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However, other weather and climate forecasters are less sure there will be a deep freeze this winter.
Mr Ring said he took into account the moon's effect on tides, and also the air pressure and land.
"There is a tide in the air that is as measurable as the tide in the seas," Mr Ring said.
As well as the monthly cycle, he looked at its longer repetitive cycles, of between nine and 11 years.
"I'm looking at the last time it froze and the time before . . . People have short memories."
According to his calculations, winter in Otago would arrive suddenly, with temperatures below freezing from early May.
He said the weather would improve on the Otago coast by the end of August, but Queenstown and Wanaka would remain in the grip of a hard winter - possibly until November.
This winter would only be the start - Mr Ring said the winter of 2011 might rival the bitter winter of 1939, when snow blanketed the country.
Shotover Jet spokesman David Kennedy said the company was aware of the problems ice could cause - in July 2007 a week of frosts saw car-tyre sized ice blocks floating down the river and trips had to be cancelled until they cleared.
Queenstown Rafting operations manager Guido Leek said ice disrupted rafting trips, at some point, most winters, "The water doesn't completely freeze over . . . it is like a margarita mix."
Further back, sections of the Shotover near Skippers Canyon froze from bank to bank in July 1991 and again in June 1992.
However, MetService weather ambassador Bob McDavitt said the extreme cold of those years was triggered by the 1991 eruption of Mt Pinatubo, in the Philippines, which sent billions of tonnes of dust into the atmosphere.
"For it to get that cold again this winter, you would have to have a volcano erupt tomorrow," Mr McDavitt said.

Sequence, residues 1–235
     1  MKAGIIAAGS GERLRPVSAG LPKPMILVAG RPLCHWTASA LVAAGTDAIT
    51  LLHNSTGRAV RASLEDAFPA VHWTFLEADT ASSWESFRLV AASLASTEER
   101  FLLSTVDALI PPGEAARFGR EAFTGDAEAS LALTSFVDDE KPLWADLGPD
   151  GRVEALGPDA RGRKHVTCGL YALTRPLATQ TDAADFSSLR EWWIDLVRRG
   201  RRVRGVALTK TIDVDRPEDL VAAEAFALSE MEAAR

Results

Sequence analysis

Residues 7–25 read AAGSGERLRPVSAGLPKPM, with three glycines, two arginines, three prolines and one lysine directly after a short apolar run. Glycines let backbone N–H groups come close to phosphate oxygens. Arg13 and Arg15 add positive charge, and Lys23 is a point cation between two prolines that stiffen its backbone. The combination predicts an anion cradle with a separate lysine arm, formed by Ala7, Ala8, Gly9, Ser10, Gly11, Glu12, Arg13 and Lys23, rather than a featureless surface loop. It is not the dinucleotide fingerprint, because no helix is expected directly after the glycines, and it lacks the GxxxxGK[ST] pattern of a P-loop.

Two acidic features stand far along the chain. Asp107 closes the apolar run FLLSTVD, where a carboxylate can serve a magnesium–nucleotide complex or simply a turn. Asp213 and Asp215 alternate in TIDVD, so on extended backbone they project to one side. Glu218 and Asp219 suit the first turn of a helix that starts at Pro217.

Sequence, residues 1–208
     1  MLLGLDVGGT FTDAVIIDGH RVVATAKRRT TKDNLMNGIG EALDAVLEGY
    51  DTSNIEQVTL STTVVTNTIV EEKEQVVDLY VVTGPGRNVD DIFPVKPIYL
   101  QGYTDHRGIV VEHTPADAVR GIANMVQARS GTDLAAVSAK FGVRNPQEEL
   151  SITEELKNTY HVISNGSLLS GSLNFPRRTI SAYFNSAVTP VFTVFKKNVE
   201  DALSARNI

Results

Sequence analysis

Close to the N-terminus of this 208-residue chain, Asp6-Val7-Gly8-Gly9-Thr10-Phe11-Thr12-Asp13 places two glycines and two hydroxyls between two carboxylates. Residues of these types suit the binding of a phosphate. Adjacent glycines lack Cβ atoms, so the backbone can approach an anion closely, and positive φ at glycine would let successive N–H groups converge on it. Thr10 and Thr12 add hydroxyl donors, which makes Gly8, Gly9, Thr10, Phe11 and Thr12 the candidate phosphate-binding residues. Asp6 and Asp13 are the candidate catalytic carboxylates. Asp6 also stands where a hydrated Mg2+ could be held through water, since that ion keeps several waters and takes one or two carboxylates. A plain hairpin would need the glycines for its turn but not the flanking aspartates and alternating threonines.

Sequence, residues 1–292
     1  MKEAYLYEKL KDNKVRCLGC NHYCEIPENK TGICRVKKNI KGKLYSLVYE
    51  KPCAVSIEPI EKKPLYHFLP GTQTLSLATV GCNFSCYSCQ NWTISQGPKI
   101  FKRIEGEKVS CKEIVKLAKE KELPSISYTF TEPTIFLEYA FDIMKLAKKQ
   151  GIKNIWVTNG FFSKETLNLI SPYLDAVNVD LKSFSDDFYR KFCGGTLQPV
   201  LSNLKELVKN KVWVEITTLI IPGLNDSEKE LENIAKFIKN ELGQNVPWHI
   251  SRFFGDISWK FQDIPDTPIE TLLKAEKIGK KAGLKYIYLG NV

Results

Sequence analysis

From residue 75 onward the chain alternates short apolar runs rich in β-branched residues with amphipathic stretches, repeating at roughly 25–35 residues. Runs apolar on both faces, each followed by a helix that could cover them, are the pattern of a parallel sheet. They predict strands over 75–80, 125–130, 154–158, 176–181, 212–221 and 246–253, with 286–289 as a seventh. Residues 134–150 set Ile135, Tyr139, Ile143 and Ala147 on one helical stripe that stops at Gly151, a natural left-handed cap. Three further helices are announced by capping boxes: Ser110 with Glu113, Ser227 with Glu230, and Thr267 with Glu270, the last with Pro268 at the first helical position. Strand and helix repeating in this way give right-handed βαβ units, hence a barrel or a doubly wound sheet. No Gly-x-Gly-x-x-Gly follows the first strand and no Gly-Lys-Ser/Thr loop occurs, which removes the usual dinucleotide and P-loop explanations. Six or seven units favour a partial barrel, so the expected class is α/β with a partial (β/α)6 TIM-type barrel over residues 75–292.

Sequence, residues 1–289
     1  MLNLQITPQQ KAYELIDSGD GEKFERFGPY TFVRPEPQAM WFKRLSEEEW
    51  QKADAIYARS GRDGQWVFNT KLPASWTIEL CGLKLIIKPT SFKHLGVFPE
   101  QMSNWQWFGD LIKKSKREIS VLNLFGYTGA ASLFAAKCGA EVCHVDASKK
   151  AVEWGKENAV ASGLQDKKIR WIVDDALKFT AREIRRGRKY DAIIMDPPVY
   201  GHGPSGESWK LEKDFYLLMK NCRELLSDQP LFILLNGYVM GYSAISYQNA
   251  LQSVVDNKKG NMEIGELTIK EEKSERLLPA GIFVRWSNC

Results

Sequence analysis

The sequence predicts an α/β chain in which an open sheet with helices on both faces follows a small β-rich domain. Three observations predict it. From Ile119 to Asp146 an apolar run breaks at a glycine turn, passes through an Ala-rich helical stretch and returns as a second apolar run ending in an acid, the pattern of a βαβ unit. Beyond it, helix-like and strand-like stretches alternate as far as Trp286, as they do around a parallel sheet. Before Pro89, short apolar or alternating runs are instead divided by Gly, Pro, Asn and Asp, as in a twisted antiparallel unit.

He was unable to give a forecast for the winter at this point, because MetService takes readings from sea surface temperatures which could change month to month.
But he did say sea temperatures were "trending up", which should bring warmer weather during February.
National Institute of Water and Atmospheric Research (Niwa) climate research scientist Darren King said the institute usually only forecast three months in advance.
"There are very few places around the world that will give a forecast for six months out, and those that do come with some sort of warning," he said.
The latest Niwa report for February, March and April shows the temperatures for inland Otago should be "average".
While mainstream weather forecasting paid attention to lunar and solar cycles, he said there was "a lot of variability" and different factors which could affect weather patterns on Earth.
Queenstown-based weather forecaster David Crow was also sceptical of Mr Ring's prediction, as a hard winter would buck a trend towards warmer overall temperatures.
"Last year was a warmer year, on average, by 1.3degC," he said.
Last year, only one month, August, had been colder than average and winter had been milder than usual overall.